It was becoming clear that Saulís plan to kill David was an extremely serious matter. Its results would be terrible, not just for David, but for the whole nation. Everyone in Israel would suffer while their king was behaving in such a wicked manner. His actions would divide the nation, its army, and even his own family.
Even David and Jonathan, although they were the closest friends, would be on opposite sides. It would be wrong for Jonathan, who was Saulís son, to fight against his father (Deuteronomy 5:16; Leviticus 20:9). However, Jonathan had also made a serious promise in front of God to remain friends with David (18:3). In fact, even David himself believed strongly that he (David) must not oppose Saul (24:6).
It seemed absolutely impossible for David and Jonathan to perform their duties to Saul and still to remain friends. Perhaps that is why David asked Jonathan to kill him. If David was guilty of some crime, then Jonathan could punish him. It would be better for a good man to punish David with death, than for a wicked king to murder him.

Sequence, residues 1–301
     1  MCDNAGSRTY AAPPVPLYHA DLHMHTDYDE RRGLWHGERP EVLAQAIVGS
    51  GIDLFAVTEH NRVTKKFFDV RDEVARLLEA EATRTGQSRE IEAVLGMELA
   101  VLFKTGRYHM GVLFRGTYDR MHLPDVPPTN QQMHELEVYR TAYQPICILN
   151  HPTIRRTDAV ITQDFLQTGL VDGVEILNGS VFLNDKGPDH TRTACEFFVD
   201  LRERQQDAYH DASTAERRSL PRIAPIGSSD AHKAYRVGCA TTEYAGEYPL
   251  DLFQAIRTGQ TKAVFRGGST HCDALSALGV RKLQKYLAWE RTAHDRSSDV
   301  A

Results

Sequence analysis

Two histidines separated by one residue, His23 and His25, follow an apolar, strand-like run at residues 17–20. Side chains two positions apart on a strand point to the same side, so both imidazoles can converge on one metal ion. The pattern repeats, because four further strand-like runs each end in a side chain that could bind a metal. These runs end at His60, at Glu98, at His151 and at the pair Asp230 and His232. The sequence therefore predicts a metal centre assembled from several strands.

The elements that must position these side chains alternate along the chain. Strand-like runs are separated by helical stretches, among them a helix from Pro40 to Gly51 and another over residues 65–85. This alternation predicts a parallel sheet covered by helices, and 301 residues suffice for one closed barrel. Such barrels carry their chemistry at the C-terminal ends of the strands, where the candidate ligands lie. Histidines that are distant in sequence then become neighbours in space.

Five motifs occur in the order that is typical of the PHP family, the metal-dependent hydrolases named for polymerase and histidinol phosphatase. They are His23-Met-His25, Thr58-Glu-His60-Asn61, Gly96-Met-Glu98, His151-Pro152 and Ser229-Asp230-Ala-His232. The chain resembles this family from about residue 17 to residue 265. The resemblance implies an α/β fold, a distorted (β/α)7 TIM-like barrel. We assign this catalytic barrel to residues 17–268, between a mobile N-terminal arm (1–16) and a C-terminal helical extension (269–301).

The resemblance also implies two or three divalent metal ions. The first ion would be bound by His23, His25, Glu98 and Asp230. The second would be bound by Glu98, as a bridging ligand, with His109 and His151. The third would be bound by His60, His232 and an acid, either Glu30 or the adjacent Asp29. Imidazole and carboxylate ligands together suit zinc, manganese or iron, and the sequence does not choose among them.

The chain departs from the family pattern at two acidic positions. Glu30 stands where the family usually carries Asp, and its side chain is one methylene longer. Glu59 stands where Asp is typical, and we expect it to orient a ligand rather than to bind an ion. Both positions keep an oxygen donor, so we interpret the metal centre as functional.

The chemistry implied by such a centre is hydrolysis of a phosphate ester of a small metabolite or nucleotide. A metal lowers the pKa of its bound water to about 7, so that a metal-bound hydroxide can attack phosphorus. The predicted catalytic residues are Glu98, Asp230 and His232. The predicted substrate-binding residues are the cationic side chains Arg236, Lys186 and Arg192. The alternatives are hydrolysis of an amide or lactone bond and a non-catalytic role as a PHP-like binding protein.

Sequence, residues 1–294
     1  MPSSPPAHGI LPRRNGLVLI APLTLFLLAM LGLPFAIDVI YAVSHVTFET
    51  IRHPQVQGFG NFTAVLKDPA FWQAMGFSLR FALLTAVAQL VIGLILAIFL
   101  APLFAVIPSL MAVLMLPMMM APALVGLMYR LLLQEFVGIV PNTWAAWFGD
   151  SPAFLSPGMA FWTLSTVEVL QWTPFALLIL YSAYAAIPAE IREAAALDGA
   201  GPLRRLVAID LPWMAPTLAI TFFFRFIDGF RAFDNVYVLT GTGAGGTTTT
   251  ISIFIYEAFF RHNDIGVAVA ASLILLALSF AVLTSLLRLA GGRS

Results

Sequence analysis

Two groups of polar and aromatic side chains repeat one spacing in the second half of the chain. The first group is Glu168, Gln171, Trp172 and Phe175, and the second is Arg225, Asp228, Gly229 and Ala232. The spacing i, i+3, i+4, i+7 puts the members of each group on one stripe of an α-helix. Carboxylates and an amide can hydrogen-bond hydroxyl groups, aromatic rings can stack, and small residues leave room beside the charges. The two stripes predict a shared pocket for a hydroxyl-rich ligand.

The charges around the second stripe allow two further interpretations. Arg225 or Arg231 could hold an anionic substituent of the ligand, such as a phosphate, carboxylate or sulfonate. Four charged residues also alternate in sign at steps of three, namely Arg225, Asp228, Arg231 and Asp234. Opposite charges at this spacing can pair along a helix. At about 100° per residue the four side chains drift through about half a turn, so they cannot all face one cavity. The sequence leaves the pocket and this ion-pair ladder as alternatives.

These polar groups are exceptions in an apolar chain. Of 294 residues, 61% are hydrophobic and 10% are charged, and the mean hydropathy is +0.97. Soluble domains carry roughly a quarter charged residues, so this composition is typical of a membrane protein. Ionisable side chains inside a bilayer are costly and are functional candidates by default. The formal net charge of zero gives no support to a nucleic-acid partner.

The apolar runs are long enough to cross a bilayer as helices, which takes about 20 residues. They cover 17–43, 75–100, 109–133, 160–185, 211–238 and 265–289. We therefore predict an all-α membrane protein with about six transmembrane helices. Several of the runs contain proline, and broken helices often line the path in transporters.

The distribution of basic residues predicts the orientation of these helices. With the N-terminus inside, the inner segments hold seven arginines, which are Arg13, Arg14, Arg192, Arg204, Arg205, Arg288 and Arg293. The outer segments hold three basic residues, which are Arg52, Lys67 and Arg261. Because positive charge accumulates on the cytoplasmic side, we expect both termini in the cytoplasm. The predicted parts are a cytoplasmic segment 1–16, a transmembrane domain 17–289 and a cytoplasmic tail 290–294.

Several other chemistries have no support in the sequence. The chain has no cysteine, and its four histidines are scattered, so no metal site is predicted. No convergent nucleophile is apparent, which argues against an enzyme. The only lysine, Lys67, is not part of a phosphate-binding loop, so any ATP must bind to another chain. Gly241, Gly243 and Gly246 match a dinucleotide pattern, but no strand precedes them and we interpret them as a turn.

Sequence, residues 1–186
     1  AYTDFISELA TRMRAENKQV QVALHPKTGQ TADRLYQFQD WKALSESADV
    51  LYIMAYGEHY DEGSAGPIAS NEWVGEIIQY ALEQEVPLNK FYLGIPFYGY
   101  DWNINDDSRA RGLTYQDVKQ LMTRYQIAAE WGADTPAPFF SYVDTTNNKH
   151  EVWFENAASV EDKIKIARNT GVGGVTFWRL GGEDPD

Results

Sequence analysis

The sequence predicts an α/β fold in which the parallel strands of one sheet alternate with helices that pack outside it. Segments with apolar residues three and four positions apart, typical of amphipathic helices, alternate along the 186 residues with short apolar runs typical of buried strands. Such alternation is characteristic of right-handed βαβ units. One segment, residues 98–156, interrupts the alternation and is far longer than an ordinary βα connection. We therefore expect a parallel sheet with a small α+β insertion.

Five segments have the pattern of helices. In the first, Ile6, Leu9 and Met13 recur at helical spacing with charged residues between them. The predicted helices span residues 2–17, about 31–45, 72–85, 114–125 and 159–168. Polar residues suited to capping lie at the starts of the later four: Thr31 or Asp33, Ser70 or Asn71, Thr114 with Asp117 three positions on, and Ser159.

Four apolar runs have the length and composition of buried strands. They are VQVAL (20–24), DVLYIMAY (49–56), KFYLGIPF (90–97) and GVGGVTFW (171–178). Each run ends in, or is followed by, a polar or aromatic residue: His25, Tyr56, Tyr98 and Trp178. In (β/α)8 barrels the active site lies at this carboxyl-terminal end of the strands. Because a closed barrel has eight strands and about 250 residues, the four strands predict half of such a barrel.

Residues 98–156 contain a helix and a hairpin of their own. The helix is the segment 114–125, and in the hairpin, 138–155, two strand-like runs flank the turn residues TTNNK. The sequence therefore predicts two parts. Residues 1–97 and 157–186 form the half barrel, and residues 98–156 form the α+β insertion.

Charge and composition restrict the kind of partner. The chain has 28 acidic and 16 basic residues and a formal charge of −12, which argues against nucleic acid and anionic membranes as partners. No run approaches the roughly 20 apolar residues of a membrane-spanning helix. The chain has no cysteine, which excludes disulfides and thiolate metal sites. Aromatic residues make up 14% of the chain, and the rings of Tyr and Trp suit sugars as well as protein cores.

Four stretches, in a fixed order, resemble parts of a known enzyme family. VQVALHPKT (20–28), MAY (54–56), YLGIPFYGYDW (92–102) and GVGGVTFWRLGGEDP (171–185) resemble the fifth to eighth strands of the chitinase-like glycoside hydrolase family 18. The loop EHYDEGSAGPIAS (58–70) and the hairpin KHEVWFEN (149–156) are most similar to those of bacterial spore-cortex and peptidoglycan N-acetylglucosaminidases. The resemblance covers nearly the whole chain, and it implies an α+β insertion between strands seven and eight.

Jonathan, of course, refused. David was not guilty. Jonathan offered to warn David if he really was in danger. In their very difficult situation, the two men would have to learn to trust God more. God would show them how to deal with their troubles. Jonathan seemed confident about that.
During their troubles, both David and Jonathan would remain completely loyal to each other as friends. They also would remain loyal to Saul, their king; and they would remain loyal to God. 1 Samuel chapters 20 to 31 describe how they achieved this.
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© 2014, Keith Simons.